Annotation found poem

Today on Ethical ELA Jessica Shernburg invites teacher-poets to find 1-3 short texts to read and annotate or texts that we’ve previously annotated (“examples you have modeled for your students, your responses to student work, books you have marked up, etc.”). The idea is to use your own annotations in creating a found poem.

This is the kind of thing that could keep me busy for days, weeks, infinity…

My annotations come from an eclectic mix of professional development, research, an old but much-loved novel, and the Bible: Culturally Responsive Teaching and the Brain: Promoting Engagement and Rigor Among Culturally and Linguistically Diverse Students (Zaretta Hammond), The Power of Moments (Chip and Dan Heath), The Forgotten Beasts of Eld (Patricia A. McKillip), and John 16.

Might I violate the expectation
of an experience
with the right amount of tension
keeping the rubber band taut

bearing in mind that
there must be trust enough
for productive struggle

risking vulnerability
even as a disciple unprepared
for the terribleness
of what is to come

imagine tapping inner power
to call creatures with ancient magic
unto myself

while tasting
the freewheeling thoughts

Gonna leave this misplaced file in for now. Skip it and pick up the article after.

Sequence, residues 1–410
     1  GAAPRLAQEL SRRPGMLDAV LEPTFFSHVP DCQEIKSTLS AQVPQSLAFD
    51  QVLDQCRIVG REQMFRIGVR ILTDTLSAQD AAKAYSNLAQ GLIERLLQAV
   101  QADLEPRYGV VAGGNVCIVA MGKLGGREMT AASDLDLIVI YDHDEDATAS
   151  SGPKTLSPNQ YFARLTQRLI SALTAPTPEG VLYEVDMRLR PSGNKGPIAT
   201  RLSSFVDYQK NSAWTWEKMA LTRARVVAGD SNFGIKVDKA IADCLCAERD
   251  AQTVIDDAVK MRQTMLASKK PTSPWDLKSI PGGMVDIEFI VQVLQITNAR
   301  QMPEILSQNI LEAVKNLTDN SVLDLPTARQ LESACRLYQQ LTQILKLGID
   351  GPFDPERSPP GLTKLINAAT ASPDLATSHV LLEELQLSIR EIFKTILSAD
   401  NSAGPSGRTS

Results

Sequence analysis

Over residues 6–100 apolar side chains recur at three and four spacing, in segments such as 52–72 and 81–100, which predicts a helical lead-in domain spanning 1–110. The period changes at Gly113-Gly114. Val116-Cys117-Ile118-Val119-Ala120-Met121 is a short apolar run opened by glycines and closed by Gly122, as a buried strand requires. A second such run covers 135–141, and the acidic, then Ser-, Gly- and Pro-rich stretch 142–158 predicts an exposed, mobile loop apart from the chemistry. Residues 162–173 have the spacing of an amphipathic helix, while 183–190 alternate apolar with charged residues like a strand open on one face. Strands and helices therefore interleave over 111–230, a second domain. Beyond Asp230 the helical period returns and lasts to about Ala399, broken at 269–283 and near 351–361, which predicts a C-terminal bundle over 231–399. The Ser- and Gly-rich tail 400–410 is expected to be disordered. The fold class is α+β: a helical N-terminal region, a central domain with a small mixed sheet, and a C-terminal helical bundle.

of birds

2 thoughts on “Annotation found poem

  1. I get chills from, “…to call creatures with ancient magic / unto myself.” Your annotations must have been profound to begin with, but I suspect this project truly makes them more than the sum of their parts.

    Liked by 1 person

    • Ah, that line is connected to The Forgotten Beasts of Eld which I reread this year, having read it long ago when I was a child. I was always captivated by the main character, with the power to do call the ancient magical creatures – and keep them. My annotations are usually simple; I used the two nonfiction texts in professional development and could remember the pages where I’d written, so I just grabbed those books to see what I could craft; it was great fun to throw Forgotten Beasts in the mix.

      Liked by 1 person

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